Despite my (incoherent) objections (which basically just amounted to me shaking my head "no"), they decided that I needed to go to the emergency room. I had really great EMT's, and they figured out from my sign language that I needed my cell phone and that they could find my parents' phone numbers in my phone. By the time we got to the emergency room, I was reduced to about three words-- "uh...", "I...", and "no..."-- but I was still totally conscious and, even though in pain and very disoriented, I was still totally aware of what was happening and I could comprehend the language that other people were using. When my dad finally got to the ER, the doctor sent him to me to see if I could talk to him, which I couldn't. They tried giving me a pen and paper to see if I could write, which at the time I was SO thankful for, since I knew that I wasn't crazy. But when I put the pen to paper.... nothing. That's when I heard the doctor say the dreaded word for the first time: APHASIA. Specifically, it was a form of "expressive aphasia," which meant that I couldn't really speak or write, even though I knew what I wanted to say. The doctor said there were basically two explanations for it: either I had some form of a stroke, or I had some infection that had spread to my brain.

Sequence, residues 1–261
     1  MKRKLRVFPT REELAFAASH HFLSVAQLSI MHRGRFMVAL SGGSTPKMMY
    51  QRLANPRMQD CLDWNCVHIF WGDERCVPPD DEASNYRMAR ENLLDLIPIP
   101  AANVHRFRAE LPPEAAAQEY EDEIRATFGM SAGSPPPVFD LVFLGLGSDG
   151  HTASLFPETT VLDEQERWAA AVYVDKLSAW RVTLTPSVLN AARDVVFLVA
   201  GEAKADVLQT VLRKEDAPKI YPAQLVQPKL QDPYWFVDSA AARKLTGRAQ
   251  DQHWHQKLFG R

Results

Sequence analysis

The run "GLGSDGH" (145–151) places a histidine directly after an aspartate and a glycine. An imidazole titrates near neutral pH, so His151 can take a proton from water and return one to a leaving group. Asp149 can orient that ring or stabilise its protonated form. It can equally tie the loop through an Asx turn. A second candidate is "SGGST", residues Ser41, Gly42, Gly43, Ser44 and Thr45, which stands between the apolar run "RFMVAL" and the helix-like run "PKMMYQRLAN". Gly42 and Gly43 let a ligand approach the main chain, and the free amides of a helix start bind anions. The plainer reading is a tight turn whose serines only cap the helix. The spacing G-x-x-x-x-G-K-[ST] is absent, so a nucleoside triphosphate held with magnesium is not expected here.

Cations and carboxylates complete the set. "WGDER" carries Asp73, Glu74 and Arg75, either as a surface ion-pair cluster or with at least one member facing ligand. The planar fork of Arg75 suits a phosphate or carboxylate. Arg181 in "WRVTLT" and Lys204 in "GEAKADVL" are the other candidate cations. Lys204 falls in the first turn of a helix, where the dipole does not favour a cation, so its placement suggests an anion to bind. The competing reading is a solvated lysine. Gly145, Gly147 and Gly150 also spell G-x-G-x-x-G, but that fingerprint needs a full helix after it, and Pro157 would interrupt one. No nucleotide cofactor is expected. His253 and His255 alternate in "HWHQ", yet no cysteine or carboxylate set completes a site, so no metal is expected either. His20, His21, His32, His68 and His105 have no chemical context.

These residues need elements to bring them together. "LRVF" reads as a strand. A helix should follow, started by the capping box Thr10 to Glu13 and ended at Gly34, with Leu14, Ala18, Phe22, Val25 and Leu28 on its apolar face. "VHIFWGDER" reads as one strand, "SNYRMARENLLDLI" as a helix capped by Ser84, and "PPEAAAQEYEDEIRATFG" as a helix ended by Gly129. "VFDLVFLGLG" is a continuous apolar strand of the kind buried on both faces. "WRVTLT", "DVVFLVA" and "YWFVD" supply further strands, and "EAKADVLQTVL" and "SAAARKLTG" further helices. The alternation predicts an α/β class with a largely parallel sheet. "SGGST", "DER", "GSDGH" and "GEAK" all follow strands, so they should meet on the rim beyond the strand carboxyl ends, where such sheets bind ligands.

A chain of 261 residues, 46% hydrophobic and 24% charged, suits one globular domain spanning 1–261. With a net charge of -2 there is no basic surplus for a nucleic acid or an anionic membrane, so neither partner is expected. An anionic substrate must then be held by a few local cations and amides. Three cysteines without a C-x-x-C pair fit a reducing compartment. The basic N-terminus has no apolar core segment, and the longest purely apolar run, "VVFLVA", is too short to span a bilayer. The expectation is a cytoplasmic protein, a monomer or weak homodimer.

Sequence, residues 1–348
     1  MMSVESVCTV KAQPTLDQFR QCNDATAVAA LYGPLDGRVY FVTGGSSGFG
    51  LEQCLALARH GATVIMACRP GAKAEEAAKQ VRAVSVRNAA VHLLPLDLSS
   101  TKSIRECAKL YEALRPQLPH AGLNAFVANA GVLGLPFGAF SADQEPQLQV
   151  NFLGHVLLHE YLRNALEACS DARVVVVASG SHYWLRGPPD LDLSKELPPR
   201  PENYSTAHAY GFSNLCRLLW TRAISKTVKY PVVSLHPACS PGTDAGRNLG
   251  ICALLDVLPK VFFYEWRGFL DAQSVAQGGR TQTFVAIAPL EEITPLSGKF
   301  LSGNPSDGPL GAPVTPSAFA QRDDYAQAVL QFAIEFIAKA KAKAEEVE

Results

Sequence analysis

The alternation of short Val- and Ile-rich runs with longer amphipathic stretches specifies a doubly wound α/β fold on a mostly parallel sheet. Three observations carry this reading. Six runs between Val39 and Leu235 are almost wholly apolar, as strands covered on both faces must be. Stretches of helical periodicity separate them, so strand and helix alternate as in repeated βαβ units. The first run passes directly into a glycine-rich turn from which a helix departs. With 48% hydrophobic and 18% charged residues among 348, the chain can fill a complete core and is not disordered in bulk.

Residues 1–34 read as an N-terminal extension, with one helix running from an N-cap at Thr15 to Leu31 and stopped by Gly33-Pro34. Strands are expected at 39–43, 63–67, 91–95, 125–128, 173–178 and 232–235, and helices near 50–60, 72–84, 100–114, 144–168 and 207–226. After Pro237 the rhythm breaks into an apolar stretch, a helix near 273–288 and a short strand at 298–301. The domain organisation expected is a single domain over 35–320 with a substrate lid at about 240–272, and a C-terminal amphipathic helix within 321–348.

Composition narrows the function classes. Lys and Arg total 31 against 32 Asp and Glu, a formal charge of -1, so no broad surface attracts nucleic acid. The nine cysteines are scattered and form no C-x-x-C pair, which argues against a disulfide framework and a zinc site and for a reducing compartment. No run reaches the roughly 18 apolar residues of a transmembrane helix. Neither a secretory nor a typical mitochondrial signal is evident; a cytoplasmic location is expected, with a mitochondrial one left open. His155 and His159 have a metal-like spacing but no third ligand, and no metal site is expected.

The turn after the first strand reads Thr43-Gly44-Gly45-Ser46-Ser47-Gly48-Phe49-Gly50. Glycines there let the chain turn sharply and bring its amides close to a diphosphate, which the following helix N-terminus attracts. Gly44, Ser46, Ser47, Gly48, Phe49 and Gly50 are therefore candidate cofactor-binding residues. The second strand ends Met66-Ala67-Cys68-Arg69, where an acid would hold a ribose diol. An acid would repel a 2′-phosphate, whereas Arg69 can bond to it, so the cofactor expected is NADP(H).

That's when I started to panic. That's also when the conversations between my doctors and my parents were taken outside of my earshot.
The next twelve hours were as follows: Blood tests, which revealed that I had a high white blood cell count, which meant there was some kind of infection somewhere in my body. Then, antiviral and antibacterial IV-drips. Then a CAT scan. More blood tests. Different antibiotics. Then, an MRI (terrifying, claustrophobic, extremely loud, and awful). More blood tests. Discussion of a spinal tap (which, thankfully, never came to pass). X-rays. More blood tests. More drugs that I can't pronounce and I don't know what they were for.